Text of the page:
Family file: self-employed

On Their Own

The pressures of being self-employed while raising two children is getting to the Youngs. How can they ensure their family has enough money for the future?

Financial Post Magazine November 06, 2007

Last year, Kyle and Ashleigh Young made a $20,000 mistake. They both run profitable small businesses from their home in Markham, Ont., but they’re quick to admit that neither has mastered the paperwork side of things. So, muddled by a slew of bi-monthly and tri-monthly tax payments – GST, PST and income tax, all at different dates for each business – the Youngs forgot to put aside cash for Kyle’s income tax. This amounted to a nasty surprise come tax time: a $20,000 bill. Because the Youngs had no emergency fund, they had to refinance their mortgage to pay the tax bill. Now, as their businesses continue to grow – and with their hands full raising two young children – the Youngs are worried something like this will happen again. “We are feeling more and more vulnerable being self-employed,” says Ashleigh. “What if something happened to me or Kyle? Will our family be protected?”

Kyle, 37, a tradesman who decided he’d had enough of working for other people, launched his own business three years ago. He earns $61,000 a year. Ashleigh, 39, works as a consultant exclusively for one client – a former employer – four days a week and brings in $94,000 a year. While their combined income of $155,000 a year is enough to cover their $127,800 in annual expenses for car payments, mortgage, daycare, vacations, bills, food and clothing, stresses about their financial health are mounting.

One concern is life insurance: While Ashleigh and Kyle both have policies that would provide $300,000 in case of death and $1,500 a month for disability, they aren’t sure if it’s enough. Medical and dental benefits is another big issue. While Ashleigh pays into a plan to receive “horrible and skimpy” benefits from her client, she is considering going back to the cubicle life so she can get full benefits. “My kids have flat feet,” she jokes, “and they’re going to need orthodontics.” On top of that, the family will face the cost of two university degrees when the kids head off to school in a decade. “We’ll still be paying the mortgage,” Ashleigh says, wondering, “Will we have enough money to do it considering the mess we got into last year?”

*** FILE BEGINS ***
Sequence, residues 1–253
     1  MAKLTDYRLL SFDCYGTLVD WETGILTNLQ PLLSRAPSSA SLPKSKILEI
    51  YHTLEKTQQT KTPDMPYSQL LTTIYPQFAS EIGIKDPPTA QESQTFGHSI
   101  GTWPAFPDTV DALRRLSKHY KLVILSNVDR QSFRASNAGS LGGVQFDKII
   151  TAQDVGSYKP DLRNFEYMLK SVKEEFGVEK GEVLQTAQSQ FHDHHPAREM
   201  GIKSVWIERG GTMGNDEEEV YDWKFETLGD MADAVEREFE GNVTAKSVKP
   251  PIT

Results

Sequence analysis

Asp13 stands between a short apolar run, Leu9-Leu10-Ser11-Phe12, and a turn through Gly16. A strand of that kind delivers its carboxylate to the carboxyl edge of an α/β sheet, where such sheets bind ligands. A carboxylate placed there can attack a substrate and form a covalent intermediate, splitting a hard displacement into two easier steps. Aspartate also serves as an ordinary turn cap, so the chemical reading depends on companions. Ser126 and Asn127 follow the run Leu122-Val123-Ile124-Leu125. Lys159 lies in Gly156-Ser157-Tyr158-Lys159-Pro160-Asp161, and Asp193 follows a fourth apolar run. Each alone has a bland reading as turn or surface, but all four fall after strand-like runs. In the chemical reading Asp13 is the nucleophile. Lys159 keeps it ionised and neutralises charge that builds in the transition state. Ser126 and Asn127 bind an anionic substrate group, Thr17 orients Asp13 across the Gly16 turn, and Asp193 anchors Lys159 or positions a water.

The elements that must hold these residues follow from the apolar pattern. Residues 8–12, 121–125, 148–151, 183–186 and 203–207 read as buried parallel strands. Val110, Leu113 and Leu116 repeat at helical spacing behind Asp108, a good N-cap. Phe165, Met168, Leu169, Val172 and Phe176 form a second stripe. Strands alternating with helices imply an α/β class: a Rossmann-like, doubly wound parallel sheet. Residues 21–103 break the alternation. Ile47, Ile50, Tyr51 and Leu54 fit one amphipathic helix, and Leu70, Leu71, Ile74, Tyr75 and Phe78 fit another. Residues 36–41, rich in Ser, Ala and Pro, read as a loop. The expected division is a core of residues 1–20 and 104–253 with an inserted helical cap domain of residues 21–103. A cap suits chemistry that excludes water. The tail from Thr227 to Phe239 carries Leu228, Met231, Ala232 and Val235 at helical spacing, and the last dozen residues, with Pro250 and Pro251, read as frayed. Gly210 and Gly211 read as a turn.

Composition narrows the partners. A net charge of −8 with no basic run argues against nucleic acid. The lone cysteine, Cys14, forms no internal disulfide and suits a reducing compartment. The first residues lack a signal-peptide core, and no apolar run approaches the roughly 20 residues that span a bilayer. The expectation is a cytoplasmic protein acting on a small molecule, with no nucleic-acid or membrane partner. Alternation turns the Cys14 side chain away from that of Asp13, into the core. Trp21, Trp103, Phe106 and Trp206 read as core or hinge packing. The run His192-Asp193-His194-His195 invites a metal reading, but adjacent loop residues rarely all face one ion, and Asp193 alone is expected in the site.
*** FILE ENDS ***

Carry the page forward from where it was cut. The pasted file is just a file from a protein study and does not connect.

Throughout their self-employment, the Youngs have saved money. They refer to their yearly $5,000 RRSP and $2,000 RESP contributions as “untouchables,” and are slowly paying down their $250,000 mortgage. (After last year’s refinancing, they borrowed more against their house and increased their monthly payments instead of extending the amortization.)

At this point, however, the couple’s main concern is building enough security into their businesses so they can protect their family, beginning by getting a grip on their monthly finances. “We’re not in big enough businesses to actually hire someone to manage our books,” Ashleigh says. “But I’m starting to think we should.”

What the experts say

The Youngs’ anxieties about their future are well-founded, according to Jason Heath, CFP, a consultant for E.E.S. Financial Services. In fact, the couple might even be facing another nasty tax surprise in the near future. “Working from home doesn’t necessarily mean the Canada Revenue Agency (CRA) will consider Ashleigh self-employed,” Heath warns. “She’s paying into a benefits plan, which is typically the sort of thing an employee would do.” Being labelled an employee could impact what she is able to claim as business expenses and force her to pay for Employment